Being in college is a time-consuming affair. With classes, homework, extra-curricular and social activities to balance, the hours in the day go by fast! But Samantha Marks (she goes by “Sammie”), a junior and Hillel co-president at University of Iowa, also makes plenty of time for service and volunteering.
Sammie spoke with Repair the World about moving from Los Angeles to Iowa in high school – and how service helped her connect and build community in her new home – bringing a fund-raising dance marathon to campus, and how her parents and grandparents served as her service role models.
Tell me about your background with service?
My love for volunteering started very young. It was something built into my life by my parents and grandparents. My mom’s parents spent the later part of their lives helping develop Chabads in the San Fernando Valley, and my dad’s parents were active in the Civil Rights movement. My mom was also a believer in the idea that even if you couldn’t donate money, you could and should always donate your time. That idea really stuck with me. Learning those things about my family helped me root my own love of volunteering.
What types of volunteering did you do growing up?
I went to a Jewish day school from nursery school through 8th grade, and every Hanukkah we would raise money for Chai Lifeline, which supports children with life-threatening illnesses. In high school my family moved to Iowa City. At first I was unused to being in such a small Jewish community and unsure how to get involved. But luckily, my high school is the kind of place where everyone is involved in something. I was on the student senate, and got involved with our school’s volunteer club. I also initiated my high school’s involvement with the University of Iowa’s dance marathon. Now that I’m in college, I’ve continued being involved with the marathon every year.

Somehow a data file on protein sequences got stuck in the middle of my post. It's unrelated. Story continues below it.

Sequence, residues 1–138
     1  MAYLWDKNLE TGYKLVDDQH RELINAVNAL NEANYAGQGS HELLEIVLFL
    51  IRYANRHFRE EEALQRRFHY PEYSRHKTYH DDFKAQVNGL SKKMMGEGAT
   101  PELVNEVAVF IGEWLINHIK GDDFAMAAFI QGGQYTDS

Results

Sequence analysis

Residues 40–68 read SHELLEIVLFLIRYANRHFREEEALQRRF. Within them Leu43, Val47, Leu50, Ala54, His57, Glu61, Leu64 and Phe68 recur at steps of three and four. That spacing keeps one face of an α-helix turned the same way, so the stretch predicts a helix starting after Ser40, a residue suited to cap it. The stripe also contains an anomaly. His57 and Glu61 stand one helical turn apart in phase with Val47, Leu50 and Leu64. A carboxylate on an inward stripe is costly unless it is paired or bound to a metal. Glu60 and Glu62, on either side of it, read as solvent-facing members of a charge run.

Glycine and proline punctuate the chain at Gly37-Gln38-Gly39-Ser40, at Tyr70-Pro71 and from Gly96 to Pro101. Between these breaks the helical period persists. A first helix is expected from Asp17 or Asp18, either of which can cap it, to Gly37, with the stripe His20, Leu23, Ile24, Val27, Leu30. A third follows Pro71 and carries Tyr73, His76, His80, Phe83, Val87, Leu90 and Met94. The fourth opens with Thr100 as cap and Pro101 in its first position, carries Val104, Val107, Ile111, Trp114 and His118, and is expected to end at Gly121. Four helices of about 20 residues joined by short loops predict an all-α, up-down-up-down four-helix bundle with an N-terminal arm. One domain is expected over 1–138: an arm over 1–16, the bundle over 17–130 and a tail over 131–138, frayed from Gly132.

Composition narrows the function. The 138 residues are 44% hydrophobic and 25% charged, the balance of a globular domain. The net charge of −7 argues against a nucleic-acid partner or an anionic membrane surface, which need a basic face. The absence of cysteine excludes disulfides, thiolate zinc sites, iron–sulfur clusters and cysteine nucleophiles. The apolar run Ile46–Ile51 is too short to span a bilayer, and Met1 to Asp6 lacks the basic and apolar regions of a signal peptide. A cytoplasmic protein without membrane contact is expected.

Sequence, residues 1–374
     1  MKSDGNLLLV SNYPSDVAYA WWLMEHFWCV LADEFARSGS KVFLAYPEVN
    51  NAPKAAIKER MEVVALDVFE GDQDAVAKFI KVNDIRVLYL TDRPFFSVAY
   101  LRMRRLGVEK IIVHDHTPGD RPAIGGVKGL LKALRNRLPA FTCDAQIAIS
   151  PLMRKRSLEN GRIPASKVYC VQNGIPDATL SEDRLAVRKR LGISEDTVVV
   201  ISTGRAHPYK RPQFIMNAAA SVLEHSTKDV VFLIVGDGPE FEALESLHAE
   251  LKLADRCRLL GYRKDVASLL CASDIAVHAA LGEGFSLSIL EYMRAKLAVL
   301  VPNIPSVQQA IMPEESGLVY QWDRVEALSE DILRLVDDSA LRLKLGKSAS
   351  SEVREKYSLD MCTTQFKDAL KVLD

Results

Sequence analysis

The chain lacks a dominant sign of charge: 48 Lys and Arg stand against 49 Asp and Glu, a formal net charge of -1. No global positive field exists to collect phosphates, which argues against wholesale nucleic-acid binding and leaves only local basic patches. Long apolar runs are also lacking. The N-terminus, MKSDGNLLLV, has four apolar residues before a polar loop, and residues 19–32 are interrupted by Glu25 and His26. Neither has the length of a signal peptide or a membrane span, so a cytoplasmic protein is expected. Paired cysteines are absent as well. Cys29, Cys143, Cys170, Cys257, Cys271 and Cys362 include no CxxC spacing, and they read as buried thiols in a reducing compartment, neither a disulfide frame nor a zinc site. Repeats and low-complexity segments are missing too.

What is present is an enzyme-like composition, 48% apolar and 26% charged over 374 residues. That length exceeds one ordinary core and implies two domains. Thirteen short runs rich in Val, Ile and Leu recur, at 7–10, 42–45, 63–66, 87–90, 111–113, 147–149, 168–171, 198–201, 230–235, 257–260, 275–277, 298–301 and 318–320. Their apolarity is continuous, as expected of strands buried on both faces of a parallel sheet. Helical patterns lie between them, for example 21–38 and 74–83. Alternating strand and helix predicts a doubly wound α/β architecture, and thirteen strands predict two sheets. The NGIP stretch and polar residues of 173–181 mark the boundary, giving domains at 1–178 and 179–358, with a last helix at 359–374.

What is a dance marathon?
It’s a day-long event meant to show support and raise awareness for kids with cancer. People sign up to raise money and dance for 24 hours straight. That means 24-hours on your feet with no sleep and no caffeine. The University of Iowa’s marathon is the only one in the nation that makes a direct connection with specific families. We represent 700 families in the area that have lost children and want to celebrate the life of their kids, or have sick children in the hospital. I get involved every year and have taken on leadership positions as a morale captain. Now I’m on the development committee, and I help plan shorter, mini-marathons in preschools, middle schools and high schools.
Why did you feel compelled to get involved with the dance marathon?
For me it was a no-brainer. My dad has pulmonary fibrosis and I wanted to be a doctor growing up. My respect for medicine and doctors is huge. And because of my Jewish background, the idea of giving back and helping change people’s days for the better is a given. As a college student, it’s incredibly humbling to be involved in something like this.
You are also involved on campus with Hillel, right?
Yes, I’m one of the co-presidents. We are in a rebuilding year, but we do have a tikkun olam committee. At the beginning of the year for welcome week, Hillel had an event where participants baked cookies for the Ronald McDonald House. There were about 15 participants and they made 150 cookies. That was great, but I’m one of those people who likes to reach for the stars. We have 800 Jewish students on campus, and my goal is to get many more people involved.